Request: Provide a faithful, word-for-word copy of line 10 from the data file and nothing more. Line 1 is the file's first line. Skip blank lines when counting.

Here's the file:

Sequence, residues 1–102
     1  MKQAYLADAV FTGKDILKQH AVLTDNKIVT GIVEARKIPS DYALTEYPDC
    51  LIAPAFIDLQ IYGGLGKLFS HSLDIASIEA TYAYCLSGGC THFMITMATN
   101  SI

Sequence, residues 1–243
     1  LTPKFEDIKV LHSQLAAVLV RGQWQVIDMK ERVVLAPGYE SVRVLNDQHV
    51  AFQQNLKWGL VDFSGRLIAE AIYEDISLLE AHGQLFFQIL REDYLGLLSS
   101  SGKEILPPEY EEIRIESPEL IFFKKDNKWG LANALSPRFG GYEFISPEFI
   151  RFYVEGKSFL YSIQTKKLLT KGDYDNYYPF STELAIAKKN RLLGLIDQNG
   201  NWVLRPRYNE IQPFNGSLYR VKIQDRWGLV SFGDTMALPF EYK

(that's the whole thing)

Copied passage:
   201  NWVLRPRYNE IQPFNGSLYR VKIQDRWGLV SFGDTMALPF EYK